40 years ago today Apollo 11 splashed down in the Pacific Ocean, completing its historical mission.
Time to celebrate, right?
Out of fear of astronauts bringing “unheard-of” diseases back to Earth, US public authorities imposed a 21-day quarantine on all returning astronauts. They were confined to the “Lunar Receiving Laboratory” in Houston that featured, amongst other novelties, a glass wall so the astronauts could see family members.
From Flight’s archive:
So that there can be no possibility of US astronauts returning o m the Moon bringing with them unheard-of diseases which might spread disastrously through mankind, the astronauts spend their first 18 days back on Earth in a hermetically led, super-sterile building called the Lunar Receiving aboratory (see photograph in Flight for December 14, page 1010 ) at the Manned Spacecraft Centre, Houston, Texas. This building is so designed that no single germ can escape once Apollo astronauts have been sealed inside.
US public health authorities have imposed a 21-day quarantine on astronauts returning from Moon flights, and a special group of doctors, biologists and agricultural experts known as the Inter-agency Back-up Committee on Contamination has been set up to work out foolproof measures to prevent mishap from occurring.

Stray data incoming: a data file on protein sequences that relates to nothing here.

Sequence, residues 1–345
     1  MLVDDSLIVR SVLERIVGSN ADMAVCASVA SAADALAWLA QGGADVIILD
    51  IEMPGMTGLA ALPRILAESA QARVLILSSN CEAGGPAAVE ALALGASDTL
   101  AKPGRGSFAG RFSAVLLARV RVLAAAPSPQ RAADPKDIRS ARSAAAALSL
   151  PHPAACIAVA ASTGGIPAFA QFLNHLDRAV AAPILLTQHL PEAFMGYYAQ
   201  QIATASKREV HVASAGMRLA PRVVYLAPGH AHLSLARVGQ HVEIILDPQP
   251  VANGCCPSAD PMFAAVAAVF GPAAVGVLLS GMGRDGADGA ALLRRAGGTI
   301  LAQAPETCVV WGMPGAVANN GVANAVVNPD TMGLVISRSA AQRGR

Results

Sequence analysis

The quarantine period will not be as arduous for the astronauts as it sounds, for the Lunar Receiving Laboratory is equipped to give them all the comforts of a luxurious setting; in one wall is a thick plate-glass window through which astronauts will be able to talk to their wives and children. But every molecule of air leaving the white three-storey bulilding will first be incinerated and passed through ultra-fine filters. All other waste will be stored in leakproof containers for before being strongly disinfected then burned.
Dr Walter Kemmerer, chief of MSC’s Biochemical Special-Services Branch, says that “the probability of life existing on the lunar surface is extremely small. The environment there, the temperature, the absence of free water, the radiation–all of these things make us believe that life is unlikely to exist on Moon.
“But we cannot definitely or with absolute certainty say that does not. So we must take precautions.”